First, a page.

On Feb. 26, Concordia Plan Services (CPS) announced several modifications to its Concordia Retirement Plan (CRP), effective July 1, 2014. The Synod Board of Directors approved the changes Feb. 21.
The changes were announced in letters sent to active workers, employers and retired workers in the CRP. Those letters make clear that the changes do not affect those who are retired or their surviving spouses, and do not affect retirement benefits earned before July 1, 2014.
“The economic environment, both domestic and global, has been challenging,” said CPS President and CEO Jim Sanft. “Like all others, our retirement programs have felt the impact. Our plan is sound today; however, unlike many others we are taking actions to sustain the plan going into the future.”
Sanft went on to say that the modifications taking place July 1, 2014, are intended to achieve two key goals: preserve the core of the CRP and sustain the plan by making changes now. Sanft added, “We will not kick the can down the road.”
A news release about the changes notes, “The effects of the economic recession and prolonged recovery are changing the complexion of the retirement industry,” and continues that the CRP changes are “in response to these factors and to preserve the core retirement benefits for retirees, as well as current and future church workers.”
The CRP adjustments include those “for early retirement, changes to the post-retirement death benefit and adjusting the normal retirement age to generally conform with the normal Social Security retirement age,” according to the news release. The letters from CPS provide more details about the changes.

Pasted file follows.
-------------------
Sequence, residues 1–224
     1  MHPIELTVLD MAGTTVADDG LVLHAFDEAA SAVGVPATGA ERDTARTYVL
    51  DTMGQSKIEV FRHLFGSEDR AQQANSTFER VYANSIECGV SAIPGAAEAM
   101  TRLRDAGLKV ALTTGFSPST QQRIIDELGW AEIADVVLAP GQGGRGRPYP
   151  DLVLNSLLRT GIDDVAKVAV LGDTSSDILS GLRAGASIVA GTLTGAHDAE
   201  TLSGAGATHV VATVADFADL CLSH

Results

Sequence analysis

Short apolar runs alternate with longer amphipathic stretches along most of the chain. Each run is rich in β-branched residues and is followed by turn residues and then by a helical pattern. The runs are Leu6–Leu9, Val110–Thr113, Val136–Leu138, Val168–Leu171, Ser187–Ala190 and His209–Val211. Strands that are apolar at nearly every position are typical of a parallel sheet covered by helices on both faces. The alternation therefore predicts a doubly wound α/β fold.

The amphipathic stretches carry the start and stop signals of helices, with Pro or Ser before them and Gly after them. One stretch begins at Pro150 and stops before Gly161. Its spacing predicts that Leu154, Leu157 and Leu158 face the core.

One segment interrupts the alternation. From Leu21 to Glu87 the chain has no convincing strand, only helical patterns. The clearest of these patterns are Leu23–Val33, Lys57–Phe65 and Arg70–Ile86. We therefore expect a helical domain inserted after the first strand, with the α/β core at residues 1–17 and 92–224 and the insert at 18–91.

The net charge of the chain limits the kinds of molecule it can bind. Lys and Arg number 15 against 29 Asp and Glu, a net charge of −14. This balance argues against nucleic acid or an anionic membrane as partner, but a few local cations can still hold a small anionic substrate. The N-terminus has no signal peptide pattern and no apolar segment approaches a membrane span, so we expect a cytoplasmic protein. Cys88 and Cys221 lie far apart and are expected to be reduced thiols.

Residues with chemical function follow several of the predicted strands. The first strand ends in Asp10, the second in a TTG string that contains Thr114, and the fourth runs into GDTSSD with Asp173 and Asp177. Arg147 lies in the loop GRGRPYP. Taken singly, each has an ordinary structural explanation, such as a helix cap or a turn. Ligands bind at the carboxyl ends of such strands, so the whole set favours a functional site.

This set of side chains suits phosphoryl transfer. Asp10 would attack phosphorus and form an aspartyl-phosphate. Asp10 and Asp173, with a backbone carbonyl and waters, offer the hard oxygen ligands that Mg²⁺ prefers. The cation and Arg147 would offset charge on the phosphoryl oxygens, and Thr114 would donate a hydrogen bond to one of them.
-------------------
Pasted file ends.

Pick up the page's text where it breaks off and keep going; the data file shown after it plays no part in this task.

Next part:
“To help plan members prepare for these adjustments,” the release continues, “[CPS] will increase education efforts on the benefits of a defined benefit/defined contribution approach to retirement, and the importance of saving for retirement.”
For more information about the plan changes, go to the CPS website at www.concordiaplans.org. Information also is available on the website about town-hall meetings with CPS leaders who also will be prepared to offer details about the changes coming next year. Those meetings — planned for this spring and summer — will be hosted by LCMS congregations, schools, and colleges and universities nationwide.
CPS provides retirement, health care and other benefits to about 100,000 current and retired workers of the LCMS and their dependents. This includes pension benefits to about 19,000 retirees and 11,000 former workers with deferred payments.
Posted March 5, 2013